By July 2017, a mere three months after first noticing the lump, Stephanie had severe back pains and “wasn’t doing well.” She wrote to William with photos of a skin condition to ask for advice, and William said she had “baby shingles”—“which is what the back prob was originally”—and advised her to take vitamin C and lysine.
Vitamin C doesn’t do anything for anything except preventing scurvy.
While her condition was getting worse and worse, she reached out to many other Medical Medium devotees and other kinds of alternative medicine quacks. They gave her all kinds of advice, but none, as far as Vanity Fair could tell would recommend that she seek out an actual physician.
Because she could move, as her back was in excruciating pain, she moved into her parents’ house. She did not tell them of the lump on her breast.
Despite all of this, Stephanie remained in the “alternative health ecosystem,” still not seeking a diagnosis of her true condition by a real physician. She continued to reach out to more and more people who would give her all kinds of quack advice. And William was still involved. “You’re dealing with the shingles virus, tried and true, like 100%,” he said in one voice message. “I mean, that’s the virus that flared up your disc, everything else.”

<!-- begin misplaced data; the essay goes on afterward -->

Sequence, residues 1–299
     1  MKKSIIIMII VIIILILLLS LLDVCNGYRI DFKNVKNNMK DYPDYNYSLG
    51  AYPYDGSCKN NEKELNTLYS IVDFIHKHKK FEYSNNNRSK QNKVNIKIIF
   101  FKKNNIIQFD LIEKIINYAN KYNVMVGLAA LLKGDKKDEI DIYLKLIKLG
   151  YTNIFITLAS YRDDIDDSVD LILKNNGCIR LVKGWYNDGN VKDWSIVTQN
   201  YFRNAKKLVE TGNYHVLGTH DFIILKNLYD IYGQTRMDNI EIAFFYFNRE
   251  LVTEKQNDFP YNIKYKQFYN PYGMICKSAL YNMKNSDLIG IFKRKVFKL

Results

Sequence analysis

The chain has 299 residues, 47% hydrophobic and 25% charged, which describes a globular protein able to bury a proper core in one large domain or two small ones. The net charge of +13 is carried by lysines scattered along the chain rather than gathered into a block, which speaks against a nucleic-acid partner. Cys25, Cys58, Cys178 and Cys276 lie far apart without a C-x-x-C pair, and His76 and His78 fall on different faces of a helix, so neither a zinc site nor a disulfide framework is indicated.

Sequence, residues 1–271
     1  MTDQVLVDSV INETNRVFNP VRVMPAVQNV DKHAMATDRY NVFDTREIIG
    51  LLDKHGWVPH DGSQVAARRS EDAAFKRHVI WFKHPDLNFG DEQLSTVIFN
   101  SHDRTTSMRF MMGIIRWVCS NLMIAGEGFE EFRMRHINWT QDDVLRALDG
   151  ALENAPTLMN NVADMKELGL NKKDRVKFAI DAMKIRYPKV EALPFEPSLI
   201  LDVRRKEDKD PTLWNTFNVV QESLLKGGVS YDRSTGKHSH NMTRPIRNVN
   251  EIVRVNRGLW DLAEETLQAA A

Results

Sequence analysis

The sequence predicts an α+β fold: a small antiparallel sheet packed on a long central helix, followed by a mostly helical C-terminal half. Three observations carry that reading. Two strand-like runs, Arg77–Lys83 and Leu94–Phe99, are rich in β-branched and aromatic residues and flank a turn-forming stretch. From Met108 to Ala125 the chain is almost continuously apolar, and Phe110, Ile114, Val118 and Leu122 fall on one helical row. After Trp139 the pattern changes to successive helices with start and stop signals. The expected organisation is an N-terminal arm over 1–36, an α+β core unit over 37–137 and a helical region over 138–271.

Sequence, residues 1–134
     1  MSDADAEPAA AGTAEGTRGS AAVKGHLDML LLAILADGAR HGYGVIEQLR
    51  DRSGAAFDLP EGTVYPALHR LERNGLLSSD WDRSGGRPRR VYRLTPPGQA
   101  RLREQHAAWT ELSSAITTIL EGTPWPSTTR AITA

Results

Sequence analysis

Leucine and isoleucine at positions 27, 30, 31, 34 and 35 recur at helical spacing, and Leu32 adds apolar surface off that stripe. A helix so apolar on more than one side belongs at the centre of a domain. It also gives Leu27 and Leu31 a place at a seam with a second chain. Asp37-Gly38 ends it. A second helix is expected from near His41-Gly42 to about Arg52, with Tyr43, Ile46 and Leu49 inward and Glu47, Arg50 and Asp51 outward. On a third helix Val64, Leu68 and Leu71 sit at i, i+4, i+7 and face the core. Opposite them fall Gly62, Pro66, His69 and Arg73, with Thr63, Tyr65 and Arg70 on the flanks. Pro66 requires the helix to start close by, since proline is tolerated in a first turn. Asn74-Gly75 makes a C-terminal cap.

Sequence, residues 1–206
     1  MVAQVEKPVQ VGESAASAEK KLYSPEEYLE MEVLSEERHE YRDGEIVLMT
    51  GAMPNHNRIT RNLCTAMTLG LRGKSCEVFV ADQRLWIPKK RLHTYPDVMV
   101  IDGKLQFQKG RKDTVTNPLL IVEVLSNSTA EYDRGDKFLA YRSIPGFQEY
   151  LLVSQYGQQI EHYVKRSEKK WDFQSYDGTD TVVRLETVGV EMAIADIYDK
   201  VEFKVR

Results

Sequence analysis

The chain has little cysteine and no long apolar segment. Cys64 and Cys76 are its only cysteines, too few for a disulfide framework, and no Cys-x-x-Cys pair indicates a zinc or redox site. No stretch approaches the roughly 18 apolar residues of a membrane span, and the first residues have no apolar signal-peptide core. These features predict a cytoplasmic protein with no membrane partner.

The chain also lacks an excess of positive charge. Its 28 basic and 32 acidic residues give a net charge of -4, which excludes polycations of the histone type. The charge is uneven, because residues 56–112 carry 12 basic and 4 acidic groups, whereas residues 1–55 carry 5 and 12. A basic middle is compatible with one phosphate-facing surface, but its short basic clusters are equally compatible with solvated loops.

You probably know where this story is going. By December 2017, her family finally got her to real medical care, and it was discovered that she had stage IV breast cancer. She died a year later.
All of this could have been prevented if she had gone to a physician, just once, when she first noticed the lump.
The Medical Medium uses the pseudoscience of spiritual readings plus the pseudoscience of alternative medicine to diagnose and treat patients. Be aware. Be very aware.
He’s a shaman, a charlatan. He’s inventing junk medicine out of thin air with only a marginal link to real science to make a profit. Ignore him.
Stephanie’s death was a preventable tragedy. All she had to do was step away from the lies and false promises of “alternative medicine” just once when she noticed the lump on her breast. But she didn’t, because she listened to all the quacks and charlatans in the alternative medicine world who did not stop for a second and tell her to go to a physician. She believed in magic because that’s what they were selling.
I don’t blame her death directly on William, because it was her choice to listen to the nonsense being pushed by him and many others. All I can do with this article is to warn you that science-based medicine can cure you — alternative magical medicine with psychic readings cannot.
- Druckman, D. and Swets, J. A. eds. (1988). Enhancing Human Performance: Issues, Theories and Techniques. National Academy Press, Washington, D.C. p. 22. ISBN 0-309-07465-7.